Section 71
Chapter 70,009

Dual-sectored transurethral ultrasound for thermal treatment of stress urinary incontinence: in silico studies in 3D anatomical models

Liu, D.; Adams, M.; Burdette, E.C.; Diederich, C.J.

Medical and Biological Engineering and Computing 58(6): 1325-1340


ISSN/ISBN: 1741-0444
PMID: 32277340
DOI: 10.1007/s11517-020-02152-6
Accession: 070008373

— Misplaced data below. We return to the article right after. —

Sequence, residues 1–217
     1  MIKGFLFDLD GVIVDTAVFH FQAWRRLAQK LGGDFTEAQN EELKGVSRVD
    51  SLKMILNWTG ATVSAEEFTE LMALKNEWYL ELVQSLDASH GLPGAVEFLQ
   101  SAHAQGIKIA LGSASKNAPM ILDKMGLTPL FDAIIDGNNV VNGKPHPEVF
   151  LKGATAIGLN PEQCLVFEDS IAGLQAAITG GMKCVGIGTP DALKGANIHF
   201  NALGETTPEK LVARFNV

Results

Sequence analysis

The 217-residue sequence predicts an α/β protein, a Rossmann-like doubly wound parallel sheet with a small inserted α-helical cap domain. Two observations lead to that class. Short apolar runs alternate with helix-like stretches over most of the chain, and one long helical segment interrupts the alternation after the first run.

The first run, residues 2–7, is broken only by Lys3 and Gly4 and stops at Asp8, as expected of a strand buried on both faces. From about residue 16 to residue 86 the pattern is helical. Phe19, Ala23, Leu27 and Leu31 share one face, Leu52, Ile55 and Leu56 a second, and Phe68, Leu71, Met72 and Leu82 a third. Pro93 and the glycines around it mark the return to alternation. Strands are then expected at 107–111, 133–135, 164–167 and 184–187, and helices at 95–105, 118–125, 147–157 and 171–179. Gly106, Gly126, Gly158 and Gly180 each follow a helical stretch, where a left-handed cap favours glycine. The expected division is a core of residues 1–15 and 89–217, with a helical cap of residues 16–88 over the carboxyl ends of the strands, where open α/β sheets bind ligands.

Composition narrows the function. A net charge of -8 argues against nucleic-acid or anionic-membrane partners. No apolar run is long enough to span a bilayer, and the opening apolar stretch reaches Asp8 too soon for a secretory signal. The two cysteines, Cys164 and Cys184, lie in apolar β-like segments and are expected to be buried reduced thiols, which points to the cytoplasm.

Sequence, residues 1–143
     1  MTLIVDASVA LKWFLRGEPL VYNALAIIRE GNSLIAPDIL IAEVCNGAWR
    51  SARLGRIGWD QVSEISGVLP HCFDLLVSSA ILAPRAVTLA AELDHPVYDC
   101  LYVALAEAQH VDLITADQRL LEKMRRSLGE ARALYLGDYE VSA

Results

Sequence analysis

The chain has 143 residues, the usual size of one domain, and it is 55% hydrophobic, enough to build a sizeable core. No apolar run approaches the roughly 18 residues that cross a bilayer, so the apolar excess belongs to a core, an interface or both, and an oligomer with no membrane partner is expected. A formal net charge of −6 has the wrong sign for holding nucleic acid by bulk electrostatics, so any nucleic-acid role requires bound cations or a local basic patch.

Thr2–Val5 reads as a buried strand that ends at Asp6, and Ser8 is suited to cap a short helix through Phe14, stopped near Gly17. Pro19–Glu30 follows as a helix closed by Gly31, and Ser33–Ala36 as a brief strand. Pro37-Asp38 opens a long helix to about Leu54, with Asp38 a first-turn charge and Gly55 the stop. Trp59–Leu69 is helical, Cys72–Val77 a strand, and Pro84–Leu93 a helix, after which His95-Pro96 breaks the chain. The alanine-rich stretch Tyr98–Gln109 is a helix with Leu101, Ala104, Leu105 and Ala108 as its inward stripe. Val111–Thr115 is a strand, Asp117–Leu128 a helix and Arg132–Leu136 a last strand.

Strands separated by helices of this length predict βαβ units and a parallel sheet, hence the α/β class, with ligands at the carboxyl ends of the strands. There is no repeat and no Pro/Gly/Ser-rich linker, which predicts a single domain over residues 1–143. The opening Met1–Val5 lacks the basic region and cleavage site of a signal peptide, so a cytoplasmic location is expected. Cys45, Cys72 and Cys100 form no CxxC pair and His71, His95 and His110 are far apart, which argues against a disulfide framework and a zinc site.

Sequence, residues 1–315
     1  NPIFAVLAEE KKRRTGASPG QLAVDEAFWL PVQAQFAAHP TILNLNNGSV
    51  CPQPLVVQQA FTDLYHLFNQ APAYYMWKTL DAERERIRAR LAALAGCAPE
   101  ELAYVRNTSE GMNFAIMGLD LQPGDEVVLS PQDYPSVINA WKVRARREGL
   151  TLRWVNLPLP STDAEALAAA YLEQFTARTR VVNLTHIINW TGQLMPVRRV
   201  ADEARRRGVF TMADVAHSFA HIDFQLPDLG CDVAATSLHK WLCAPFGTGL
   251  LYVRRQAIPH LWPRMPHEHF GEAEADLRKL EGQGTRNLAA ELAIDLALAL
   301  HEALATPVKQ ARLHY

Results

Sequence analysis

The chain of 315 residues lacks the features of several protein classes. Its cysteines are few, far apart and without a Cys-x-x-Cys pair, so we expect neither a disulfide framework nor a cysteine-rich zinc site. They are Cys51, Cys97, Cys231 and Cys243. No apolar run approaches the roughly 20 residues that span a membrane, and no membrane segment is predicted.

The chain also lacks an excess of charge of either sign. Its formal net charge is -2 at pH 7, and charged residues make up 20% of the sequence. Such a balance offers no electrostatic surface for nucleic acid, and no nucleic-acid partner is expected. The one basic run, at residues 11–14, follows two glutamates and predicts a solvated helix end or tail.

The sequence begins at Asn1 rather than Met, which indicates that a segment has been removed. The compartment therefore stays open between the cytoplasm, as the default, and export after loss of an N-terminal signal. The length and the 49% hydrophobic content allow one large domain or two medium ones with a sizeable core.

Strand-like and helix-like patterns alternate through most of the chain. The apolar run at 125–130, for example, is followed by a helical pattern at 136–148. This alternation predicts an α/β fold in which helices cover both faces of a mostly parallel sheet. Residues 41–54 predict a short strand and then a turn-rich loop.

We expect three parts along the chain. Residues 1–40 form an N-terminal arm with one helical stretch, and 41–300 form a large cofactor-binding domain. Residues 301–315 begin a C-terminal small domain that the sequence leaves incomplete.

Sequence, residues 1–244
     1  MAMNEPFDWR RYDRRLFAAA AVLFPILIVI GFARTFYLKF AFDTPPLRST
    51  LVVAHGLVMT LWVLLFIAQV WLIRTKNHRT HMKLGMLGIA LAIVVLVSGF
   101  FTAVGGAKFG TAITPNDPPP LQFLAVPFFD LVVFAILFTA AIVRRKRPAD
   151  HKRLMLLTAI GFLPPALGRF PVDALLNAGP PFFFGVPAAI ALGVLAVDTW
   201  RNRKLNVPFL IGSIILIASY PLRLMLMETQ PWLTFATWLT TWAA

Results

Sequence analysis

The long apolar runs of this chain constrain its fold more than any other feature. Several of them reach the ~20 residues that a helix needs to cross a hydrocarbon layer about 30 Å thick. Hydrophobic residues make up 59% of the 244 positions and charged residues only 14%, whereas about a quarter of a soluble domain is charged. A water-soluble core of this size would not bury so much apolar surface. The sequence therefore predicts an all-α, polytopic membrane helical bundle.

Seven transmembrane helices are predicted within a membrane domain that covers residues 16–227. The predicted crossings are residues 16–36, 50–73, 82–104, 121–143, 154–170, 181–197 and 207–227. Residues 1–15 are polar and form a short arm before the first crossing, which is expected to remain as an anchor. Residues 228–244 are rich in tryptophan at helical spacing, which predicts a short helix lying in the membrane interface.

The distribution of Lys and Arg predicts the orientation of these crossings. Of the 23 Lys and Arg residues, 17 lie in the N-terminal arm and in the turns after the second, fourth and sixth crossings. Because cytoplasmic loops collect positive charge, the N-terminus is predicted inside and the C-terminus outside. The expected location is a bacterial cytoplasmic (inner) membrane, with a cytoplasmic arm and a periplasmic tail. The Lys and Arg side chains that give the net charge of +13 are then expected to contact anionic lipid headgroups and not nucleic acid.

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The purpose of this study is to investigate the feasibility and performance of a stationary, non-focused dual-sectored tubular transurethral ultrasound applicator for thermal exposure of tissue regions adjacent to the urethra for treatment of stress urinary incontinence (SUI) through acoustic and biothermal simulations on 3D anatomical models. Parametric studies in a generalized tissue model over dual-sectored ultrasound applicator configurations (acoustic surface intensities, lateral active acoustic output sector angles, and durations) were performed. Selected configurations and delivery strategies were applied on 3D pelvic anatomical models. Temperature and thermal dose distributions on the target region and surrounding tissues were calculated. Endovaginal cooling was explored as a strategy to mitigate vaginal heating. The 75-90° dual-sectored transurethral tubular transducer (3.5 mm outer diameter (OD), 14 mm length, 6.5 MHz, 8.8-10.2 W/cm2) and 2-3-min sonication duration were selected from the parametric study for acoustic and biothermal simulations on anatomical models. The transurethral applicator with two opposing 75-90° active lateral tubular sectors can create two heated volumes for a total of up to 1.8 cm3 over 60 EM43 °C, with at least 10 mm radial penetration depth, 1.2 mm urethral sparing, and no lethal damage to the vagina and adjacent bone (< 60 EM43 °C). Endovaginal cooling can be applied to further reduce the vaginal wall exposure (< 15 EM43 °C). Simulations on 3D anatomical models indicate that dual-sectored transurethral ultrasound applicators can selectively heat pelvic floor tissue lateral to the mid-urethra in short treatment durations, without damaging adjacent vaginal and bone tissues, as a potential alternative treatment option for stress urinary incontinence. Graphical abstract Schema for in silico investigation of transurethral ultrasound thermal therapy applicator for minimally invasive treatment of SUI.

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